It is still unclear how the rumor started that experts had 'predicted' an earthquake, but it spread rapidly also thanks to social networking. This also due to a clip posted on YouTube which allegedly showed Giampaolo Giuliani, a technician who claims he had predicted last year's earthquake in the Abruzzo region by measuring radon gas, warning that a quake was imminent in the Naples area.

Giuliani, however, has issued a statement to deny he ever made such a prediction.

Due to a flood of calls from residents asking information about the possible quake, the Vesuvius Observatory was forced to post a message on its website to deny that such a risk existed.

"There have been alarming rumors that an earthquake would strike today (Friday) but there is no geophysical nor geochemical evidence that we have gathered which would confirm this," the message said.

The message, however, was not enough to quell fears in the 18 towns in the so-called 'red area' surrounding Mt Vesuvius where schools on Friday were practically empty.

"I sent my son to school but only three other children showed up and the place was deserted. The same was true at the school where my sister-in-law sends her kids," a young mother here said.

In Herculaneum, a mother named Antonella said she had stocked up on food and diapers after battling crowds at the supermarket.

"We're all packed up and ready to evacuate as soon as the earthquake happens," she said.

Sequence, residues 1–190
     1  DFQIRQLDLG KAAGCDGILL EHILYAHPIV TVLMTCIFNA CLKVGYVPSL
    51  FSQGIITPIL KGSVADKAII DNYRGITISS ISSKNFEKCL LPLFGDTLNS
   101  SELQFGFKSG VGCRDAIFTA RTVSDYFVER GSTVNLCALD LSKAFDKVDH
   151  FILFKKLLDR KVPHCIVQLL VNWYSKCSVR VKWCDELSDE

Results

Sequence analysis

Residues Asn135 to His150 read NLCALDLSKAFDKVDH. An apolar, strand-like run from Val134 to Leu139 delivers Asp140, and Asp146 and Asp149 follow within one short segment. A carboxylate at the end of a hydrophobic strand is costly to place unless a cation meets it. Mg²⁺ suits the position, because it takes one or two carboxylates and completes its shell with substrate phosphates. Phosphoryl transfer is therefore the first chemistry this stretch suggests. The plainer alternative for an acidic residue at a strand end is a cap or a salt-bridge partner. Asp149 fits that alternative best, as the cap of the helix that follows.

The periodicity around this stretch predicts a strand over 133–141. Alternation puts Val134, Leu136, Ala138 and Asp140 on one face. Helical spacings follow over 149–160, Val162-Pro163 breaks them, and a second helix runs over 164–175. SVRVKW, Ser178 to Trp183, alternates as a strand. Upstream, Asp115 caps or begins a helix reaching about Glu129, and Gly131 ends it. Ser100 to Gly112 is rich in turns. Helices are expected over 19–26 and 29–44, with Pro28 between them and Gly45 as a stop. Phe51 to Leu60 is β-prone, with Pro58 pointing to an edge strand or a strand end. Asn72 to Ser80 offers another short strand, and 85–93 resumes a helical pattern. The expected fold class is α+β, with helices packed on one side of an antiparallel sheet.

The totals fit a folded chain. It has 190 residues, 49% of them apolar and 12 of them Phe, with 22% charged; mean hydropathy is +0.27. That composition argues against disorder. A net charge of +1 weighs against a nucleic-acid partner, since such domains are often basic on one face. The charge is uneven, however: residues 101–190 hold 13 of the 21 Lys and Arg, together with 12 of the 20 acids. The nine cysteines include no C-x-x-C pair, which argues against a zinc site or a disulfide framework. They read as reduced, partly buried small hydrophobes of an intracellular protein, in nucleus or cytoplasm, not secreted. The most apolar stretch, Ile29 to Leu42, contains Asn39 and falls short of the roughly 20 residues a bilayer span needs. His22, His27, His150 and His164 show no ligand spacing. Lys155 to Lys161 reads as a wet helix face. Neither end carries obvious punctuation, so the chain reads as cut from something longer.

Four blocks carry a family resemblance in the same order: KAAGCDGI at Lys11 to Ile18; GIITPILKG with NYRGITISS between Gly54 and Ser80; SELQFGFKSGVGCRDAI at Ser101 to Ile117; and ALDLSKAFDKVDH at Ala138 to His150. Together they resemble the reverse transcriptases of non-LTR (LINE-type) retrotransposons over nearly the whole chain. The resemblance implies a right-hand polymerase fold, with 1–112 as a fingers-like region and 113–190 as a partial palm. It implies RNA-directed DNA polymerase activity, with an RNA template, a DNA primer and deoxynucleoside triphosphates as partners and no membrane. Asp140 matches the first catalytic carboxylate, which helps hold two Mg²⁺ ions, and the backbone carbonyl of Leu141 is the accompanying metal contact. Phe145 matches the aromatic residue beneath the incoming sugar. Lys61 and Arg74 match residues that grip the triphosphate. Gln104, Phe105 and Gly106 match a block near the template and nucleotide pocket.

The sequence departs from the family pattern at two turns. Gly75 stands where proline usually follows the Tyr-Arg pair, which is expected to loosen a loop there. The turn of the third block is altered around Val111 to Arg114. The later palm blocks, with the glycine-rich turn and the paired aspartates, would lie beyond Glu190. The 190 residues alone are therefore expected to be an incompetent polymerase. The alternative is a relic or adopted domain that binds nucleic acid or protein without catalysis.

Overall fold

At an open market in the town of Portici a woman told the press "I heard the quake was supposed to happen at 5:25am, so I guess the worst is over".

WARNING: In case our readers are wondering if we're going to make fun of the Napolitani again, the answer is quite obvious. Therefore; we would like to respond to the angry letters we will receive by stating that we are thrilled Naples is a wonderful part of Italy even though we would never go there (not even at gun point). There are many things we love about this enchanting city, unfortunately, none of them come to mind right now. But please sit back, our lovely angry readers, and drink in the warmth, the humor, and truth.

This article is a festival of hot and spicy ignorance. Maybe it wasn't such a great thing to have the hillbillies of Naples discover electricity, buy computers and open Facebook and Twitter accounts.

"The message, however, was not enough to quell fears in the 18 towns in the so-called 'red area'..." "Figlio di puttana," you would think the moronic rumor would have been restricted to just one town. No-no! Those wacky Napolitani panicked and went rampant on their cell phones calling family members, in-laws, cousins, godmothers, lovers, prostitutes, and mafia associates in a 100-km radius.

"I sent my son to school but only three other children showed up and the place was deserted." "Cacchio," hold on a second. What difference is there between a regular school day in Naples and one influenced by the scheduled arrival of a major catastrophe?

"In Herculaneum, a mother named Antonella said she had stocked up on food and diapers after battling crowds at the supermarket." Hmmm...we don't know which is funnier: Watching Napolitani men dodging around the city with their shirts half-buttoned, rounding up emergency supplies and their families OR a mother from a town called Herculaneum, hoarding food and diapers, and stating she's ready to evacuate AS SOON AS THE EARTHQUAKE HITS!

Here's a great money making tip for travel agencies: How many tourists would pay an incredible amount of money to see the Napolitani react to the Facebook/YouTube driven rumors that German Nazis are hiding out in the Vesuvius volcano waiting to invade Naples?

 

Julian - Julius Caesar's cousin